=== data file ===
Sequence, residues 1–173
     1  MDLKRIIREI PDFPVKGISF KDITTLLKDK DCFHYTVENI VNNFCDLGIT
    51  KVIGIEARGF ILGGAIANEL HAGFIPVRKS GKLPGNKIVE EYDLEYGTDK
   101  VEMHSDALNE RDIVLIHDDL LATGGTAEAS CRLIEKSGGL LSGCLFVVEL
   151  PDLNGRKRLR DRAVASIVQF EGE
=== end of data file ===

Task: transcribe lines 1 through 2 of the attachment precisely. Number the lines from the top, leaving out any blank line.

Sequence, residues 1–173
     1  MDLKRIIREI PDFPVKGISF KDITTLLKDK DCFHYTVENI VNNFCDLGIT